It is not just a matter of this regime’s fascist-like character (call it fascism-plus), although its ruling Ba’ath Party fused Pan-Arabism to the worst ideas of early twentieth-century Europe. It is not just Baghdad’s brutality, although it is difficult to imagine a more vicious, vengeful regime. It is not just a question of Saddam’s totalitarian aspirations at home and aggressive ambitions abroad, although Iraq’s citizens and neighbors know firsthand that these aspirations and ambitions are beyond question. It is not even a matter of Iraq’s dogged pursuit of weapons of mass destruction-although this is clearly Saddam’s fixation, and he has demonstrated his readiness to use them against citizens and neighbors (and would be pleased to do likewise against Americans).
No, it is not “just” these things. It is their combination with the fact that this regime never keeps agreements. Virtually every major accord Saddam has reached with domestic or foreign foes-usually under pressures produced by his recklessness-lasts only until he recovers sufficiently to pursue his purposes. Ask Iranians. Ask Kuwaitis. Ask Iraqi communists. Ask Iraqi Shiites. Ask Iraqi Kurds. Recall the UN inspections.
SO I CONCLUDE, reluctantly, that the options are not “war or peace,” but “sooner or later.” Unless there is a coup, force will eventually be needed to defang Saddam’s regime. The only real questions are when, how much force, and what aftermath.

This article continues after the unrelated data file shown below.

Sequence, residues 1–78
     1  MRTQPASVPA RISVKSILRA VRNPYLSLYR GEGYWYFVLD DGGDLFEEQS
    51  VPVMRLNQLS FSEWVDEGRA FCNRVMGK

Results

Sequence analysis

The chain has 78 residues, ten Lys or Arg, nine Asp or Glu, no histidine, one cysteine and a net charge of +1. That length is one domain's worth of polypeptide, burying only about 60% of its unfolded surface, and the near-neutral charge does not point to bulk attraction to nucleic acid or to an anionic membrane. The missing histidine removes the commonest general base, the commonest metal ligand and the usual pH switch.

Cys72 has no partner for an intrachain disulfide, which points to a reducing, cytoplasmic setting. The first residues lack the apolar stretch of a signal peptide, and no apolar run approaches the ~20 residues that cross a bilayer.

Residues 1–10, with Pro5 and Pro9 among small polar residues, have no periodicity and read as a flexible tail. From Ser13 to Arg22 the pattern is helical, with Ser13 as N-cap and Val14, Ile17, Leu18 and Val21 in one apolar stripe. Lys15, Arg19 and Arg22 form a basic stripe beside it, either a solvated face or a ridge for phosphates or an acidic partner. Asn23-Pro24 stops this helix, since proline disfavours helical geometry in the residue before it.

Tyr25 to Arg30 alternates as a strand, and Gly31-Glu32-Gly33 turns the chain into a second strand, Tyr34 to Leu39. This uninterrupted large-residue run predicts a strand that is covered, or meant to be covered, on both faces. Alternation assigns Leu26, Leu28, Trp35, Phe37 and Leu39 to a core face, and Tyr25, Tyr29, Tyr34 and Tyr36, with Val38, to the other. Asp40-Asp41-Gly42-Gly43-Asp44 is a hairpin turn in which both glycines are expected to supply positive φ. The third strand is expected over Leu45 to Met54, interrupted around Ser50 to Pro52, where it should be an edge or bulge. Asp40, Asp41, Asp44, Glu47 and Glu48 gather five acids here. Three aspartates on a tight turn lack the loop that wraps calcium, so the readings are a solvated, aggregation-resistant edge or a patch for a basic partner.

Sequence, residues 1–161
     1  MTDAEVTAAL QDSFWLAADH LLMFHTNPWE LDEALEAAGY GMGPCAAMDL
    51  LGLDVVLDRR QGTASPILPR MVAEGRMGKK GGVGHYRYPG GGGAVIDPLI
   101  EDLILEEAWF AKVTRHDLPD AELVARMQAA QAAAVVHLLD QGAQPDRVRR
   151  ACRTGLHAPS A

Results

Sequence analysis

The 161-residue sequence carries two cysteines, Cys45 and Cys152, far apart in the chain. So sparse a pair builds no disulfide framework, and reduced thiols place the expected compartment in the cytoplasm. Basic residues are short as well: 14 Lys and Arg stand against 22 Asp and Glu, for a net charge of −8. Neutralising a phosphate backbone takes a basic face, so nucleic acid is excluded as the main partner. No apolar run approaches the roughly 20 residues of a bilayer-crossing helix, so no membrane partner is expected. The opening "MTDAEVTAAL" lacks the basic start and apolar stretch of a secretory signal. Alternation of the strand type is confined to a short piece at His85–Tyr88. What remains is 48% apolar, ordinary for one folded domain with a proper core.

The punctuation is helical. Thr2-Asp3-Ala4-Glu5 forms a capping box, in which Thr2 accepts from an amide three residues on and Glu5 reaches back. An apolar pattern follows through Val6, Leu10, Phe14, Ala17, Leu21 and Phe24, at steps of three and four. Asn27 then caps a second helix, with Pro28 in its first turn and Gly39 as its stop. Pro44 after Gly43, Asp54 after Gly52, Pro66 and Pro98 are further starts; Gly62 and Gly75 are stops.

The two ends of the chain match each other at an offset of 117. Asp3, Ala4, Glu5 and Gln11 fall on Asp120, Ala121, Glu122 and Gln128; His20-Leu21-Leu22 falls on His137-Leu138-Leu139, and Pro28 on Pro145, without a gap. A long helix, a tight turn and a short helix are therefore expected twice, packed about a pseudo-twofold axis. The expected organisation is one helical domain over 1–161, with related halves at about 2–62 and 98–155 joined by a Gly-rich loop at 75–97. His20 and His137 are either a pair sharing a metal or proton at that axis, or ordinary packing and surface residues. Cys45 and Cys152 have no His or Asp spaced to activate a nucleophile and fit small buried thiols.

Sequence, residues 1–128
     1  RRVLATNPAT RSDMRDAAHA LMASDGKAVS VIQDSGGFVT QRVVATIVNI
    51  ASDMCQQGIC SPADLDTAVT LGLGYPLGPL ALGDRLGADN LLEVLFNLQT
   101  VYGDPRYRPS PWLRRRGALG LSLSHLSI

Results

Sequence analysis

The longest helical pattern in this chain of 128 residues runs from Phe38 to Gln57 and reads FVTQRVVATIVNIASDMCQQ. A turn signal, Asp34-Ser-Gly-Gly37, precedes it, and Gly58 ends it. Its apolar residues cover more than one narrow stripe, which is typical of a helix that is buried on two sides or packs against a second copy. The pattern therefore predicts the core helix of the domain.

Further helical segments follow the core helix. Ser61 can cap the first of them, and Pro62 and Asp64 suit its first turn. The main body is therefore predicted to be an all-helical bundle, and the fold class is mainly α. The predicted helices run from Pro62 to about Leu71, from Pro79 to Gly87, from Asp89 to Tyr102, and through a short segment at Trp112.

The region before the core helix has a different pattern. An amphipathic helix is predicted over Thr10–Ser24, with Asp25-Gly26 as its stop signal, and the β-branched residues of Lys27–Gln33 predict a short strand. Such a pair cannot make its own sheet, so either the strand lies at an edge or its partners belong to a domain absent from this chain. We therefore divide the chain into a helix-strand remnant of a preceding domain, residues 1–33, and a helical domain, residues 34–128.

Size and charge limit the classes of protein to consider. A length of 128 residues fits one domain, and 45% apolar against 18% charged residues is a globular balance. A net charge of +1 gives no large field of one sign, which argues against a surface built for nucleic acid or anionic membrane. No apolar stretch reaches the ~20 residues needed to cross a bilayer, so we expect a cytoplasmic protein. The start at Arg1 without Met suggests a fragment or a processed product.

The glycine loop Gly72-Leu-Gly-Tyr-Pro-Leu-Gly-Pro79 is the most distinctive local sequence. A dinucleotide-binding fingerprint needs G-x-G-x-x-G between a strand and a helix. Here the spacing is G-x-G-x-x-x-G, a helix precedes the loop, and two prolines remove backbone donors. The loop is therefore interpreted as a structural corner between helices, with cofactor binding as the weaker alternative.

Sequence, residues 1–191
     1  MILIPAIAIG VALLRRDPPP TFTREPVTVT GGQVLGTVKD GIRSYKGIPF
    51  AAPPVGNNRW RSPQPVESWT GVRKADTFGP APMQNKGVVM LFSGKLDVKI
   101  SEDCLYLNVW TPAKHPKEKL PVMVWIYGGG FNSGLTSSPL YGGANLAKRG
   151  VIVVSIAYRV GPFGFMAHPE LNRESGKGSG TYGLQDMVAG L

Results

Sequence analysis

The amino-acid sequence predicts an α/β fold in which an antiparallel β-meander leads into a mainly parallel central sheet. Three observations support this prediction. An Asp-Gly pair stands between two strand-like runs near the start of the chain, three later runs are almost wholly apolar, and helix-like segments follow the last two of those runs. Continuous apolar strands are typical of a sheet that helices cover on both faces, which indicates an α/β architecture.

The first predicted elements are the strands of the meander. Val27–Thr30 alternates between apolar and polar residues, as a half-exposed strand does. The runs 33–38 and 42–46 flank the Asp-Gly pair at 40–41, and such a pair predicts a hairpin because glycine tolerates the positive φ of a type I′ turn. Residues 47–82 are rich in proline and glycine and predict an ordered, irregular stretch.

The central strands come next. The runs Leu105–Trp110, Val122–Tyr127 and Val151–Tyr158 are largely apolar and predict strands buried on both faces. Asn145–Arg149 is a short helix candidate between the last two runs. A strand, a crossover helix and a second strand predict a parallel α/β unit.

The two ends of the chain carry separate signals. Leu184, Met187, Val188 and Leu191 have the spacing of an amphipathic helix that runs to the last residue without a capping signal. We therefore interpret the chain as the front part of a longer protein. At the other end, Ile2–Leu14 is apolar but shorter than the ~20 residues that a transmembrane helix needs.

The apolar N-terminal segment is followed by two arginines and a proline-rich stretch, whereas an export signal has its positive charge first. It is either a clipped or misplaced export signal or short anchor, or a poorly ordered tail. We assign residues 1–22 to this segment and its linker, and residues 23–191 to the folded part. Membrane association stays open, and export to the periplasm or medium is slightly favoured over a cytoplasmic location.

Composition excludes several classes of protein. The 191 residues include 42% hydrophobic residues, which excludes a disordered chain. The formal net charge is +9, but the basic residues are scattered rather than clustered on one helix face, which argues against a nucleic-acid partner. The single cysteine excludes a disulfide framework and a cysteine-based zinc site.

Peace activists should be asking themselves what the outcome would have been had we not invaded. It’s not enough to point out the suffering under the occupation. What ideas had we proposed to put an end to Hussein’s brutality? Were we acting on them? What did we have to offer the victims? And while we’re at it, we should ask ourselves under what circumstances we would support United States military intervention. Most of us have supported few if any interventions since World War II. (Have to give credit to a right winger who came up with hilarious satirical modern peace movement responses to the invasion of Normandy – it’s obnoxious, but the writer has a point).
Cohen’s piece ends with a paragraph with a sentiment very familiar to me of late:
So I will not support an antiwar movement, even if it includes many good people. I hope, for the sake of honest public debate, that those good people keep this movement focused on Iraq. Iraqi suffering ought not to be exploited by “activists” with other agendas (such as Israel/Palestine, which has nothing to do with Saddam’s tyranny and must be addressed on its own, unhappy grounds). In the meantime, I will support Iraqi democrats, even if they are few in number and their prospects difficult. I am antifascist before I am antiwar. I am antifascist before I am anti-imperialist. And I am antifascist before I am anti-Bush.